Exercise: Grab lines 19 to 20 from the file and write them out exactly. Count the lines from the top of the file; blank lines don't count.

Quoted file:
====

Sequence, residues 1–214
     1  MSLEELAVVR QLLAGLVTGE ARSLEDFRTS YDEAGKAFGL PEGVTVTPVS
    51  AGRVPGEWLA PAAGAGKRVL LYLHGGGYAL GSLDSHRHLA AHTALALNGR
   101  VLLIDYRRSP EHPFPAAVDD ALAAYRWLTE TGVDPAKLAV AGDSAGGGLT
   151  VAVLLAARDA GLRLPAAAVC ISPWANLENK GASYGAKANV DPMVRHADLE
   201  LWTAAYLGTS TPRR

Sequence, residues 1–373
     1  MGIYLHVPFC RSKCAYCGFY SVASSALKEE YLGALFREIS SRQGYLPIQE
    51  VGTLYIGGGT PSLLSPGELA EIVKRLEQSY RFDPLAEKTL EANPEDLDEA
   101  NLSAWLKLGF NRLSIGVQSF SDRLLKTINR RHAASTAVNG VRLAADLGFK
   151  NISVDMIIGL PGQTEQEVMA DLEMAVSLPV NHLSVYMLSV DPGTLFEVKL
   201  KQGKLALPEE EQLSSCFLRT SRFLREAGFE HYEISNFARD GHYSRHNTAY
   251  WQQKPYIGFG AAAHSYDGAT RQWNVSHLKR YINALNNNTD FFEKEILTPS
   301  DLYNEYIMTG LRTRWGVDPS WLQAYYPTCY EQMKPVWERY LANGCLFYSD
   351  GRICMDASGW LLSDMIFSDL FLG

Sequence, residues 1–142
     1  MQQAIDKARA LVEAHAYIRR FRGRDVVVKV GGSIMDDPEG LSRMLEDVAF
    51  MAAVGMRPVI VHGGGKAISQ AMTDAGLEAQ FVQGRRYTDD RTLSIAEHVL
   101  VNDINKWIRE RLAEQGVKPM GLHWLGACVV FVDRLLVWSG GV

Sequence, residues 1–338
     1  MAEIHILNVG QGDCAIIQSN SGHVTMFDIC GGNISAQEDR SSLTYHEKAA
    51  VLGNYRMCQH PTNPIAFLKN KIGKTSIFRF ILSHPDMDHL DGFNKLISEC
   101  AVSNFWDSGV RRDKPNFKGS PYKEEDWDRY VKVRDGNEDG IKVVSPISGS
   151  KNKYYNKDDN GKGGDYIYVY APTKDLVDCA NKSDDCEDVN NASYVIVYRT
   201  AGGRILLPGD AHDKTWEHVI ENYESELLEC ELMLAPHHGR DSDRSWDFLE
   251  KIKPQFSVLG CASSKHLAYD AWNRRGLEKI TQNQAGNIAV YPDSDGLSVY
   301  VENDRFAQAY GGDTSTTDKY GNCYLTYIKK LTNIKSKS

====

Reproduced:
   101  VNDINKWIRE RLAEQGVKPM GLHWLGACVV FVDRLLVWSG GV

Sequence, residues 1–338